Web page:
The history of the olive oil |

The history of the olive oil

Pontus Hagman2 comments

The historical development of olive growing began in the Mediterranean, in Jordan, ancient Egypt and the ancient empires.

Domestication of the wild olive

Historical remains indicate that the wild olive was domesticated about 7000 years ago in present-day Syria. The Phoenicians were among the first to dedicate themselves to the cultivation of olives. Historical records testify to the olive oil trade in ancient Greece and its wealth to the Greek population.

Ancient times olives

The earliest surviving olive oil

The olive oil production is assumed to have started before 4000 BC, and the earliest surviving amphorae date to 3500 BC.

The oldest olive tree in the world

Did you know that olive trees have a very long lifespan? The average lifespan of the olive tree is around 500 years. The olive tree of Vouves in Greece is believed to be over 2,000 years old, making it one of the oldest olive trees in the world, and it still produces olives today. Even if you neglect the olive tree for a hundred years, an olive tree can survive if grown in the appropriate growing conditions.

Ancient times

Many writers wrote on the importance of olive growing and olive oil health benefits through ancient times. For example, you can see olive oil mentioned amongst others in the work of Lucius Junius Moderatus Columella, Gaius Plinius Secundus, Marcus Valerius Martialis. In addition, in many religions, the olive is mentioned as a sacred tree.

Roman times

The Roman Empire already had olive studies and manuals (De Re Rustica), which included all the essential elements that are still the foundation on which modern olive growing and production developed. Olive oil was used for its nutritional value and as a medicine for body massage and hygiene. In contrast, Romans used inferior quality olive oils for oil lamps.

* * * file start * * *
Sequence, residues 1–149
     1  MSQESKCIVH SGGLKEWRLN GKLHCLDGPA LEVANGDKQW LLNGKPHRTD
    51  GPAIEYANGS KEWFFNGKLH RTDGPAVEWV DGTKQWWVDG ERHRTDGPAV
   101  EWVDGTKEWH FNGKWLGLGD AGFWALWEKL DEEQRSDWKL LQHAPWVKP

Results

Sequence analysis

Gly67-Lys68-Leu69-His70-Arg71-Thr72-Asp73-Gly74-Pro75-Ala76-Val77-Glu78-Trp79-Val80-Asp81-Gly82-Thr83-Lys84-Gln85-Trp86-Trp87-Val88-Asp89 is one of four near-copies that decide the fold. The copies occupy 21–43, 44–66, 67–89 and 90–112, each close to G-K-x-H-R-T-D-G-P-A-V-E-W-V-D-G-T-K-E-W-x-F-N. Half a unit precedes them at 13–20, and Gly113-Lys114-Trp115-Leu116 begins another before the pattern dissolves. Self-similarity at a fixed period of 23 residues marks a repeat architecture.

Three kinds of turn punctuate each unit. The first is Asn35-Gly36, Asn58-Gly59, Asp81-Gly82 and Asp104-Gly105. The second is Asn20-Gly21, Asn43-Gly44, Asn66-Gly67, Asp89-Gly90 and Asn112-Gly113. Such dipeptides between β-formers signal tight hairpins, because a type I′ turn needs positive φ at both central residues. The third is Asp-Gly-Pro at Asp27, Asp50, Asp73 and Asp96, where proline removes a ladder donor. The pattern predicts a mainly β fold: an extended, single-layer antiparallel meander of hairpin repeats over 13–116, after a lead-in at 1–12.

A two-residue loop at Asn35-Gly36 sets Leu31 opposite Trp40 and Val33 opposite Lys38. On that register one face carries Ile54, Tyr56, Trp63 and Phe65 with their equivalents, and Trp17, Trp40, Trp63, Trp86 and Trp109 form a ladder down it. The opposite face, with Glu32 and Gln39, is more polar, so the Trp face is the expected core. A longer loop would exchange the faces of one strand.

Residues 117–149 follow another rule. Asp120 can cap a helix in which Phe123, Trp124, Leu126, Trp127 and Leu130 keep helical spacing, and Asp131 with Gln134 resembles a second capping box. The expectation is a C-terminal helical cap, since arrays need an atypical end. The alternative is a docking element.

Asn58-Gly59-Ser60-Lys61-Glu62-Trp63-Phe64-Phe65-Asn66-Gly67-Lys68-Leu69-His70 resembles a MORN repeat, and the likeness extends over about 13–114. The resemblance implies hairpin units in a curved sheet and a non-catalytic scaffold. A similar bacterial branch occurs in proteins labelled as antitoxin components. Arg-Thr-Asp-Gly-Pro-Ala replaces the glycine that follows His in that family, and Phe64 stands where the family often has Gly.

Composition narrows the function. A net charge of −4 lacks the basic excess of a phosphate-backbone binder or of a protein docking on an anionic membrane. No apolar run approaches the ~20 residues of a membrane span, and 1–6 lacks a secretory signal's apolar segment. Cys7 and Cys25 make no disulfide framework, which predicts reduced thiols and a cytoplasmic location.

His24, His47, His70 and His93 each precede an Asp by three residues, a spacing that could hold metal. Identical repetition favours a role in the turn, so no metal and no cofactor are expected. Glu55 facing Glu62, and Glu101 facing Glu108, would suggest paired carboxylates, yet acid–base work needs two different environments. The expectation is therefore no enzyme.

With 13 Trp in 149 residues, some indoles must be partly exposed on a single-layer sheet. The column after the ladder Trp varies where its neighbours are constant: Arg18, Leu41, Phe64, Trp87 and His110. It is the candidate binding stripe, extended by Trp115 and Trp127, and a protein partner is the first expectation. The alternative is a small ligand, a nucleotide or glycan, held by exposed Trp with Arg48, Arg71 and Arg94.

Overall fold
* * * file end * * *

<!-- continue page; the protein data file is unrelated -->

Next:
The 18th and 19th centuries 

Demand for olive oils increased in both European and non-European countries in the 18th and 19th centuries. As a result, many olive groves were rejuvenated, but also many were newly planted. As the olive oil production took expansion, the knowledge about olives and olive oil grew. As a result, techniques of olive growing and olive oil extraction have advanced considerably to this day.

Olive plantation


Today, olives are grown all around the world. More than two thousand different olive varieties from Australia to Chile, California to Iran, but only a thousand grow in the Mediterranean. The most famous olive growing regions in the world are in Southern European countries. Olive growing is one of the primary agriculture sectors in many of those countries.

As in the last twenty years, special attention is on homemade, natural, and as few processed foods as possible. A healthy lifestyle and numerous benefits of the Mediterranean diet made this diet more popular than ever. As olive oil is the foundation of a healthy Mediterranean diet, this additionally popularised olive oil consumption. New scientific researchers keep discovering what has always been known - that extra virgin olive oil is rich in quality fats, vitamins, polyphenols, and minerals. Moreover, extra virgin olive oil helps maintain a healthy body from the first months of life.

Thanks to technological advances, today, we can produce better quality olive oil, extract only the best and healthiest ingredients from this small fruit, and allow ourselves to enjoy olive oil's taste and health properties.

Comments (2)


Hi Elisabeth,

I’m glad to hear you enjoy our articles. We are posting regularly different topics from stories of our producers to olive oil history, production, best olive oils etc. Feel free to explore our blog, or if you have a specific question or topic you would like us to cover, feel free to write to us. :) We love getting new ideas.

Enjoy, and thank you for your comment. We love hearing from our readers.

Best regards,



Great article! I just started learning about olive oils. You covered so many interesting olive oil topics. Thank you for sharing.

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